Q69 Divorce average length 1st instance decisions 120 55 175 365 228 100 240 423 302 582 98 117 204 308 189 30 173 251 Q69 Divorce average length 2nd instance decisions 40 60 365 55 441 502 165 237 106 183 30 Q69 Employment dismissals average length 1st instance decisions 150 40 30 300 490 264 342 696 150 19 244 183 30 304 80 Q69 Employment dismissals average length 2nd instance decisions 35 60 365 138 380 537 790 182 167 183 30 217

Country Albania Armenia Azerbaijan Cyprus Czech Republic Denmark Finland France Germany Italy Montenegro Netherlands Poland Portugal Romania Russian Federation Slovenia Spain

Table 94.
Country

Robbery and intentional homicide cases (total and per 100.000 cases) in 2004 (question 73)
73b1 Robbery incoming cases 39 28 1016 1184 87 1 994 1954 35 18 512 23 55 040 596 389 700 1 662 2 432 308 000 492 209 557 12 404 Robbery incoming cases per 100 000 inhabitants 1,3 36,4 31,7 14,4 1,0 19,1 25,2 0,8 2,6 9,8 7,8 94,1 25,7 85,5 20,7 3,3 106,7 11,2 214,7 6,6 294,5 23,4 73c1 Homicide incoming cases 1 143 390 304 69 201 228 2 90 5 28 1 599 165 1 288 61 748 26 700 22 717 759 Homicide incoming cases per 100 000 inhabitants 1,3 4,5 4,8 3,6 0,7 2,6 5,1 0,3 1,7 1,7 0,7 2,7 7,1 0,2 8,5 9,8 3,5 18,6 31,9 1,4

Albania Andorra Armenia Austria Azerbaijan Belgium Bulgaria Croatia Cyprus Finland Iceland Ireland Italy Latvia Luxembourg Moldova Monaco Montenegro Romania Russian Federation Serbia Turkey UK England & Wales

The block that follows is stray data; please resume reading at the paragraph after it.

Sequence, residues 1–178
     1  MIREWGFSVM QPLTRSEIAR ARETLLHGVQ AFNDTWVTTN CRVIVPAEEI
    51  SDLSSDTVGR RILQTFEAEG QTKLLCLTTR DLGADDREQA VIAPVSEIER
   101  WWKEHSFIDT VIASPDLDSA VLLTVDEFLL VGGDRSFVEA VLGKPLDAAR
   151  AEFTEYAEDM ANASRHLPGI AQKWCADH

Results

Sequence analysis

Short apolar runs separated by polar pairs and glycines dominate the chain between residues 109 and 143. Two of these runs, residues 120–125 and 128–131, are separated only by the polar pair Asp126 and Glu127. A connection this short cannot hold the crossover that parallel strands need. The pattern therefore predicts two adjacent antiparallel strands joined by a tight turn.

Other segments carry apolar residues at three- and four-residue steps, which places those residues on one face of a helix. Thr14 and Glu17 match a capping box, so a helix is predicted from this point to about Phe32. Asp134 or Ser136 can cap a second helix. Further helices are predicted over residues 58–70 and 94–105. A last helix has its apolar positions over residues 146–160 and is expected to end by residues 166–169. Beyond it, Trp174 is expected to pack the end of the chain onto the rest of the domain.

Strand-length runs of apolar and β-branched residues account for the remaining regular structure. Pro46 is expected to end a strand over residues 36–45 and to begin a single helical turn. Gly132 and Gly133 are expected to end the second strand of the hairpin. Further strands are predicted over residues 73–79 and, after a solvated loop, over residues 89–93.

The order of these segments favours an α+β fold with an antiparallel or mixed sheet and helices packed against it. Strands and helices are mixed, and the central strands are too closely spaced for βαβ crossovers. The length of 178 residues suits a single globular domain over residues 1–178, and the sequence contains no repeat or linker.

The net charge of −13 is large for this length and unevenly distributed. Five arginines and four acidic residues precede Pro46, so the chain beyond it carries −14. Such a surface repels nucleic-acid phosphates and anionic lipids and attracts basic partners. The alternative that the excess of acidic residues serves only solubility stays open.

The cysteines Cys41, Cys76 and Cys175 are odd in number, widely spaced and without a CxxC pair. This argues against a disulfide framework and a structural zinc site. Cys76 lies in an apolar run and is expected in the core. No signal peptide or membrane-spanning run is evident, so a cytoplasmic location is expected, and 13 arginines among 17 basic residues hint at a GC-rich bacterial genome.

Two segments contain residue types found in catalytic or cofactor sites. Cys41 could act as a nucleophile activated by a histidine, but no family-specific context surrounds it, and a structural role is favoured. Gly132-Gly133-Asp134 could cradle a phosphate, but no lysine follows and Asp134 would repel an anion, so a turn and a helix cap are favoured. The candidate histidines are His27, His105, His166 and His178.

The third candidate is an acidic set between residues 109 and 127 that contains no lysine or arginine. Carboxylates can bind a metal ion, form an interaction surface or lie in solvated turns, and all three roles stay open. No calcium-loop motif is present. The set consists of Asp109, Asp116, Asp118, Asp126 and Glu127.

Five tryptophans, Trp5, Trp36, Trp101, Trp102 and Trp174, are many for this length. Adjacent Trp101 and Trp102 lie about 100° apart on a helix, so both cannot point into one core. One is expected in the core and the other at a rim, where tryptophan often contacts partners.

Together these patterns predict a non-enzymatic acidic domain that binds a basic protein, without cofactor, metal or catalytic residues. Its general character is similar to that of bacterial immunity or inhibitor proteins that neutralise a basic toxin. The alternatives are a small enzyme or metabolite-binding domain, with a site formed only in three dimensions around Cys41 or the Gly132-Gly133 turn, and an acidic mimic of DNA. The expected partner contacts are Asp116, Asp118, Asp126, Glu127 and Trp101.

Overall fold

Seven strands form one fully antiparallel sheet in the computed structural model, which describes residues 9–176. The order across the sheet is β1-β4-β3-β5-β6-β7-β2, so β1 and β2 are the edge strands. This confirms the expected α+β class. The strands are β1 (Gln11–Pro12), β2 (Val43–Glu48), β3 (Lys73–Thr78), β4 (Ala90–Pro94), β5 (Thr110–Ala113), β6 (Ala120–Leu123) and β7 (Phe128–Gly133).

176

Chapter 11: Enforcement of court decisions Table 95.


Country Albania Andorra Armenia Austria Azerbaijan Belgium Bosnia & Herzegovina Bulgaria Croatia Cyprus Czech Republic Denmark Estonia Finland France Georgia Germany Greece Hungary Iceland Ireland Italy Latvia Liechtenstein Lithuania Luxembourg Malta Moldova Monaco Montenegro Netherlands Norway Poland Portugal Romania Russian Federation San Marino Slovakia Slovenia Spain Sweden Turkey UK England & Wales UK Northern Ireland UK Scotland

Main complaints of users regarding enforcement procedures in civil matters (question 113)
no execution at all yes lack of information excessive length yes yes yes yes yes yes yes yes yes yes yes yes yes yes yes yes yes yes unlawful practices insufficient supervision excessive cost other

yes yes

yes

yes

yes yes

yes yes yes yes

yes yes

yes

yes yes

yes yes yes

yes yes yes yes yes yes yes yes yes yes yes

yes yes yes yes yes yes yes yes yes yes yes yes